By Tim Montgomerie
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Today's negative growth figures are disappointing but not surprising. We are not yet in double dip territory but as Andrew Lilico has pointed out, double dips are not uncommon features of recovery cycles. The unique factor now, of course, is that the troubles in the €urozone are casting a long shadow over not just the British recovery but the whole world. A senior Tory was quick to remind me of this fact after I tweeted this then this earlier.
I don't question the fact that €uro-woes are the big fact of today's economic crisis but I am worried that the Government is (1) using that fact as an excuse for a lack of supply-side action and (2) Downing Street's policy towards the €uro is deeply flawed.
On (1), nothing will stop you getting wet in a terrible thunderstorm but that doesn't mean we should go out into that thunderstorm with insufficient protection. The Chancellor's deficit reduction strategy is the most important protection. By reducing borrowing we are keeping interest rates low and that's British business' top demand*. But what about other protections? The troubles in the €urozone and political paralysis in America could have been an opportunity for Britain to stand out as the place for footloose global investors. The Coalition is taking tough decisions for Britain's long-term economic competitiveness. Lower corporation tax. Welfare reform. Michael Gove's schools policies. A more sensible retirement age. An overhaul of the planning system. It's a considerable list. But what about for now and this economic emergency? Taxes have gone up too fast and spending cuts have been too slow and timid. Chris Huhne's energy policies are hurting the hope of a manufacturing revival. Uncertain and inconstant policies towards the banking sector are undermining the possibilities of bank lending. We have accepted even more EU red tape. Again and again ConHome has called for more ambitious supply-side policies. Again and again the Government has brought a penknife to a swordfight.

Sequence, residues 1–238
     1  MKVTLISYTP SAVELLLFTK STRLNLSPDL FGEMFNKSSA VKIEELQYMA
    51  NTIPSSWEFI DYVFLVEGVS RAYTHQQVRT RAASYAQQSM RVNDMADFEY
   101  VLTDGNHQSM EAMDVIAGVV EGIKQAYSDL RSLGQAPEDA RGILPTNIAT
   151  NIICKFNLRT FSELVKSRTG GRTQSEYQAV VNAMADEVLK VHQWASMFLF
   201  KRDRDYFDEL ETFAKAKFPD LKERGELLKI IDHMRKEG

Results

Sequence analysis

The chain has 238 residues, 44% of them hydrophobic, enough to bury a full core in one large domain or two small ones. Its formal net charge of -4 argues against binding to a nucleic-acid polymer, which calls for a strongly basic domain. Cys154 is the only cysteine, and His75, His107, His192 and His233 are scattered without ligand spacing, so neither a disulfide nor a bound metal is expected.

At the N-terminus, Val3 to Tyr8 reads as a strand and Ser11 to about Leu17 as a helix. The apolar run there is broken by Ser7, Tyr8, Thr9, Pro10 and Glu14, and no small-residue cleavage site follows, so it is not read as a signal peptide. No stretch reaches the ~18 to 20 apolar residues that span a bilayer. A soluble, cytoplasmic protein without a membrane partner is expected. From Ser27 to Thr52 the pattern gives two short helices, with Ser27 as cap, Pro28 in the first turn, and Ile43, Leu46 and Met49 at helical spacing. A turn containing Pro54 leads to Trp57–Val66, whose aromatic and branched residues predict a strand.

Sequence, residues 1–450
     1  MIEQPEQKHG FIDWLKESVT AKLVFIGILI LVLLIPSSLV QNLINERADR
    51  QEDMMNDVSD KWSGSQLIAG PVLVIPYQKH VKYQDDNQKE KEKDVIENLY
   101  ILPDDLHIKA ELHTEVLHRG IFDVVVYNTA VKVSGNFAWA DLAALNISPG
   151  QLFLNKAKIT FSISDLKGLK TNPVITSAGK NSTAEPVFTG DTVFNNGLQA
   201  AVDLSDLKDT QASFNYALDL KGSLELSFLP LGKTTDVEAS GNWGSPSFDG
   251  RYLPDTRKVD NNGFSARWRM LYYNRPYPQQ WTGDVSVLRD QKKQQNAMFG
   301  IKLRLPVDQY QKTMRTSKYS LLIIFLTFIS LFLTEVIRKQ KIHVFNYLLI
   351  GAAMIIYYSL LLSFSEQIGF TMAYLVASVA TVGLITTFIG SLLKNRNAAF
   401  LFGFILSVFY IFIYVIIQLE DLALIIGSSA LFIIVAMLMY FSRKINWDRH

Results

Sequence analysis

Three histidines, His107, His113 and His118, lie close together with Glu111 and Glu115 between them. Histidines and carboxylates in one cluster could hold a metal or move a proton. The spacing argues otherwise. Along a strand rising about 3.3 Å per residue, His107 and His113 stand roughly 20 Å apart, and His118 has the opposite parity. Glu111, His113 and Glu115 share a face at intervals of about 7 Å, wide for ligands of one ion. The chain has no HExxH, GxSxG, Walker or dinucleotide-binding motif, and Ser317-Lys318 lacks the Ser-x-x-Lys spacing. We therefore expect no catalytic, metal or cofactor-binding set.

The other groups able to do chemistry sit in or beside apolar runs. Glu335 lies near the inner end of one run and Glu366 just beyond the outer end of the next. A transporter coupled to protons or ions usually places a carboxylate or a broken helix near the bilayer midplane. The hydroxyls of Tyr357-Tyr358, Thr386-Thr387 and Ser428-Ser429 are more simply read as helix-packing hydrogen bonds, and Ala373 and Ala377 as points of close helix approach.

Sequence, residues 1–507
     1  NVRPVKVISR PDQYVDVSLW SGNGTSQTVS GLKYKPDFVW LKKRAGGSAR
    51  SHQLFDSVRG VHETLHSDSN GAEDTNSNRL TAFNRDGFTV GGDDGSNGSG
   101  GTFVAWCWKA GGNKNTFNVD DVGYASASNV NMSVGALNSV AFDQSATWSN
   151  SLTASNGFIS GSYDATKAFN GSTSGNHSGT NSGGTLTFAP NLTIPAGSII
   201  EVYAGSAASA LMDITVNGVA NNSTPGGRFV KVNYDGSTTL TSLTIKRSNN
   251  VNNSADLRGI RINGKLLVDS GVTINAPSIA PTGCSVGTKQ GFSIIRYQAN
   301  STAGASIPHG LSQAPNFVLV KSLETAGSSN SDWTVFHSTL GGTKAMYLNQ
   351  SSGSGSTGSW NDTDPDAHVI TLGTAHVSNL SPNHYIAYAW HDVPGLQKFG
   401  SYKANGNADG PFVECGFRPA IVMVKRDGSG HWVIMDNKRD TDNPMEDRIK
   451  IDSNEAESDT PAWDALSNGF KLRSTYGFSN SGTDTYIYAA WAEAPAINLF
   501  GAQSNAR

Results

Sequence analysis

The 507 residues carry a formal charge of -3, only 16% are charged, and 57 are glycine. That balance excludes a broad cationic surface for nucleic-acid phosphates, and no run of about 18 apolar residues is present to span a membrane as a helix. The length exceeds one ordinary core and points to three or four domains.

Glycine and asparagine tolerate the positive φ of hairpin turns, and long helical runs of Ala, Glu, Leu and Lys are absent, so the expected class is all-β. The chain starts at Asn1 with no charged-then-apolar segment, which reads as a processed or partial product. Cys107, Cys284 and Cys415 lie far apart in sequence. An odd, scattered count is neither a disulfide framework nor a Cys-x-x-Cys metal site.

On (2) if the €urozone is such a problem why are we supporting its continuation? David Davis and Boris Johnson have already spoken for most Tories in regretting the Government's belief that the €uro should be preserved. Europe's recovery begins when the €urozone is reformed. Yes, it will be initially painful but essential surgery always is.
George Osborne is right on the deficit. He is the political genius behind the welfare and immigration caps. But he's been disappointing on growth policy and time is running out for him to rectify that.
* Over on Comment Nadhim Zahawi notes that the IMF thinks Britain is better-placed than most of our competitors.